Boneless wings take flight

Pierce boneless wings

From Pierce Chicken.

Spicy chicken wings have taken off as an iconic American food since their debut at the Anchor Bar Restaurant in Buffalo, N.Y., in 1964. They reached a new milestone during Super Bowl 50 weekend in February, when more than 1.3 billion wings were consumed, according to the National Chicken Council.

The emergence of boneless wings—breaded, boneless chunks of chicken breast with zesty flavors—has made a good thing even better. In fact, research shows that boneless wings complement traditional bone-in wings on restaurant menus, boosting the entire wing category. Thus operators who menu only bone-in wings would profit from adding the boneless variety. And those who already have boneless on the menu can boost overall sales by promoting them.

Actually, more than half of consumers in a recent online survey by Pierce Chicken said they prefer boneless chicken wings over bone-in wings. That contrasts with NPD CREST data which found that 64% of the wing orders in commercial foodservice in the last four quarters were for bone-in wings.

“That represents a real opportunity for restaurant operators,” says Keith Arnold, head of marketing for Pierce Chicken. “There’s a lot of room to grow boneless wing sales, and the good news is there are a number of things operators can do to tap into that opportunity.”

Although there is a perception that male consumers prefer bone-in wings by a wide margin, in reality, 56% of men surveyed said they prefer boneless wings, as did 54% of women. Thus both genders clearly want the boneless option.

The reasons consumers give for choosing bone-in wings include “they are more natural,” “I like getting messy,” “that’s what a real man eats” and “even though they are messier and more difficult to eat, they have more flavor.”

Not surprisingly, boneless wings appeal for different reasons. Included are “they are easier to eat and less messy,” “more meat on boneless wings” and “less waste.”

Arnold has found that a very significant trend happens when operators add boneless wings to the menu—overall wing category sales rise 20-30%. “Boneless wings on the menu allow wing fanatics to indulge even when they don’t want to deal with the mess,” says Arnold. “But they also appeal to consumers who don’t normally eat wings.”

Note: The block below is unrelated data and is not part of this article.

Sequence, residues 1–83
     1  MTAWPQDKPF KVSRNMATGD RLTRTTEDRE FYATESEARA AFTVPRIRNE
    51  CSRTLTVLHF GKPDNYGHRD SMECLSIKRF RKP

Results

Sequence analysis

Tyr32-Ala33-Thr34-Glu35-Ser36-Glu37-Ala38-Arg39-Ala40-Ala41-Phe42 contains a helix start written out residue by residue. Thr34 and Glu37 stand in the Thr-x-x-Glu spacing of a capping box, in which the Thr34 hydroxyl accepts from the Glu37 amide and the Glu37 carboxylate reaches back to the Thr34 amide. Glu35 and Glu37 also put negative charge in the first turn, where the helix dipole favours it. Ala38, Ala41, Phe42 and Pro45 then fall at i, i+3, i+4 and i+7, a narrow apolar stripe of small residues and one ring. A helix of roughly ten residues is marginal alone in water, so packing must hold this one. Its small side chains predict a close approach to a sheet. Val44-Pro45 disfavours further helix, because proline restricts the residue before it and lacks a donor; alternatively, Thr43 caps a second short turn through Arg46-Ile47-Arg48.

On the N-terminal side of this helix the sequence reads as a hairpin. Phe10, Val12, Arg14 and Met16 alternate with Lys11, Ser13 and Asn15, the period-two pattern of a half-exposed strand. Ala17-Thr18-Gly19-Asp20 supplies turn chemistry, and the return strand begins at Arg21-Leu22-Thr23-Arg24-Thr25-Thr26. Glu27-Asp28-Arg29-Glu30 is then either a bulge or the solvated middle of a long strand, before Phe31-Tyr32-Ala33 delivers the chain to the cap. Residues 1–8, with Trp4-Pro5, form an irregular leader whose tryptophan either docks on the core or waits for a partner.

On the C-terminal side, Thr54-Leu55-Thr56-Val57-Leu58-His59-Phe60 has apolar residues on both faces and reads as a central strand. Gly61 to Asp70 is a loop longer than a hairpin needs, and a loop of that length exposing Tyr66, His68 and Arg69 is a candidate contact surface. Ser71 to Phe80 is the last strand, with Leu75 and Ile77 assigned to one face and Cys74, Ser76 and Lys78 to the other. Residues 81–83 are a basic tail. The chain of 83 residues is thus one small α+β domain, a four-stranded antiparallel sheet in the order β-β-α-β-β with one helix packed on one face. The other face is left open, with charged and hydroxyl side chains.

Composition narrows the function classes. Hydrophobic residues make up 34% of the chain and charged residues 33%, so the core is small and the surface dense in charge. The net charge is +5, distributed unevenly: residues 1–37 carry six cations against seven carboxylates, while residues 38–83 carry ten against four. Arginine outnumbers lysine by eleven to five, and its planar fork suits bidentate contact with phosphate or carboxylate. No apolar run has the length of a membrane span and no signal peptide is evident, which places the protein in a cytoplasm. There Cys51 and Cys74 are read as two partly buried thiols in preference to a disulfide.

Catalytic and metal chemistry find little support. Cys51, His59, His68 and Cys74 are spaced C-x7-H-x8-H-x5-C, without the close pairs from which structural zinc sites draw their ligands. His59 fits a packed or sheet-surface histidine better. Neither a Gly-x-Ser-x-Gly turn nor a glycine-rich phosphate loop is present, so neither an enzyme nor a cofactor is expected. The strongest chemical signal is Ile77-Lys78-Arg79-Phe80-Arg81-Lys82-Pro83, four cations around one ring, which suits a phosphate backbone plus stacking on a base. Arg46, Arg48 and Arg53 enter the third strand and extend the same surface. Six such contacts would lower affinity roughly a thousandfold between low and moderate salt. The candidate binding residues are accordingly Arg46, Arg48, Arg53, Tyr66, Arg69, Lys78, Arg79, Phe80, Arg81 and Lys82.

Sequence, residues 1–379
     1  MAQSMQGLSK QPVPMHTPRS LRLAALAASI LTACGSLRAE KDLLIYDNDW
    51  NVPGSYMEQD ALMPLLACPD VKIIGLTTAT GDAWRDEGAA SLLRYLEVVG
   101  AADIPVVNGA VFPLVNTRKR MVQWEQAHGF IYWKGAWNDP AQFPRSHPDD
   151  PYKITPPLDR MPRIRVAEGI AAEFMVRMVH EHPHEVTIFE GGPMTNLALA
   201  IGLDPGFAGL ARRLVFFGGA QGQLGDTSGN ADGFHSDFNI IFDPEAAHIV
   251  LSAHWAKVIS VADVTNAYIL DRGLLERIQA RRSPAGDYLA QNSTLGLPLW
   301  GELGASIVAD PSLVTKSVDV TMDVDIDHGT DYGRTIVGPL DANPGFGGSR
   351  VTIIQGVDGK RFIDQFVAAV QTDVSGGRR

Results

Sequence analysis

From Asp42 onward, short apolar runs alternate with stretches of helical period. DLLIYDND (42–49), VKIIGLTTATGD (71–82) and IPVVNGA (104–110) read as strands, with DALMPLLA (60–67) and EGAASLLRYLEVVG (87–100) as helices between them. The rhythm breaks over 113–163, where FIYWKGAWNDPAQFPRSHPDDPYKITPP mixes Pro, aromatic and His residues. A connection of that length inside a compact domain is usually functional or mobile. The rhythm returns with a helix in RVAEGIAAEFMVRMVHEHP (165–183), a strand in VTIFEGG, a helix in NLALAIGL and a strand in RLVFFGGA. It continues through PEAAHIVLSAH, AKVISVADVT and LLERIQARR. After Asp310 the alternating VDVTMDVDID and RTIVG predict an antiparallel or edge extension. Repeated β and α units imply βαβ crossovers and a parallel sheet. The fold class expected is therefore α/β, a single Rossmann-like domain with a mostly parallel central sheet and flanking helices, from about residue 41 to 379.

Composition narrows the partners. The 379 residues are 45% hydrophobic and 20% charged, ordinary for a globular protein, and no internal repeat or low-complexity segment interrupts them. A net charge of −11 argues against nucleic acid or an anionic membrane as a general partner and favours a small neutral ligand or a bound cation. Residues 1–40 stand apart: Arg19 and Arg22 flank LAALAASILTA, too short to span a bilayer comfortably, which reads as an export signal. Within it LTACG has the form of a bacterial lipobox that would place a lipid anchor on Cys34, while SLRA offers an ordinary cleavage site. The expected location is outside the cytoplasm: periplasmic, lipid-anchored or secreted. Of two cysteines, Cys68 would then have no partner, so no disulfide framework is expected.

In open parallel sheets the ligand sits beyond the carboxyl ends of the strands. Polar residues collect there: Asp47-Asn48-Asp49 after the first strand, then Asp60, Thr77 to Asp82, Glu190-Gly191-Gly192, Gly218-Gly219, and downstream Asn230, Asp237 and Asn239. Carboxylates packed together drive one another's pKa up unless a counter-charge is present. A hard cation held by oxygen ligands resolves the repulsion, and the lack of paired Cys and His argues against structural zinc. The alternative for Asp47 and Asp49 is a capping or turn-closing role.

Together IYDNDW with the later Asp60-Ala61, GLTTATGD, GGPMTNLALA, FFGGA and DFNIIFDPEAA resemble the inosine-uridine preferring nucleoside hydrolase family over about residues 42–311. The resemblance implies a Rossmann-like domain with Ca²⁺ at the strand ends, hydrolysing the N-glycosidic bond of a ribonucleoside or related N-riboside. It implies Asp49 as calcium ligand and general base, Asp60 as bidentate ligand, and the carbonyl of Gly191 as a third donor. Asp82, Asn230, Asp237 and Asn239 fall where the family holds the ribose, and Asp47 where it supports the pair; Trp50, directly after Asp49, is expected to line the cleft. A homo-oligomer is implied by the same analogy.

The research also shows that parties with kids are more likely to order boneless wings, especially when the kids are six years old or younger. Adding boneless wings, which are made of whole muscle chicken breast, to the kids’ menu can be an upsell over traditional chicken nuggets. And including boneless wings with family meal deals in another way to increase check averages.

When it comes to promoting boneless wings, Arnold says signage and menu descriptions should emphasize flavor, tenderness and juiciness—all key sales drivers. The sauces available also are important. Offering patrons a choice of flavorful sauces will enhance the appeal of boneless wings and help operators get the most out of the wing category.

More From FoodService Director

Menu Development
spicy bibimbop

Bowls continue to trend as meal carriers for breakfast, lunch and dinner. Both operators and the guests they feed appreciate bowls for their convenience, customizability and creative combinations. Build-your-own stations are increasingly popular ways to offer bowls in college dining, corporate venues and school and hospital cafeterias. But building a satisfying bowl takes more planning than randomly tossing ingredients together in one vessel.

Playing with layering

“Texture is the secret ingredient for a successful bowl,” says Kevin Cecilio, senior director of culinary innovations...

Industry News & Opinion

Austin Independent School District in Texas is introducing new globally influenced menu items this school year, Spectrum News reports.

The offerings are meant to reflect the district’s diverse student body and will include yuca fries, Jamaican meat pies and plantains.

Read the full story via spectrumlocalnews.com .

Industry News & Opinion

Miami-Dade County Public Schools is introducing new plant-based menu items this school year, CBS Miami reports.

Vegan chili and cilantro-lime rice will be appearing on menus when students at the Miami district return to class later this month.

The new plant-based offerings join other new items such as French toast, turkey bacon and antibiotic-free chicken tenders and breast fillets. Students will also be able to enjoy a variety of salads and fresh fruit.

Read the full story via miami.cbslocal.com .

Ideas and Innovation
baby boomer eating

Millennials get a lot of attention from foodservice operators and chefs, but baby boomers make up a large and lucrative group of potential patrons that shouldn’t be ignored, finds Technomic’s 2018 Generational Consumer Trend Report . As more senior-living communities cater to the baby boomer set , here’s a look at the factors that drive those customers’ dining choices.

1. Boomers are flavor-seekers

There’s a perception that because these consumers are older, they are stuck in their ways. But this generation is the most likely to say that they enjoy trying new flavors from time to...

FSD Resources

Code for Asynchronous jQuery Munchkin Tracking Code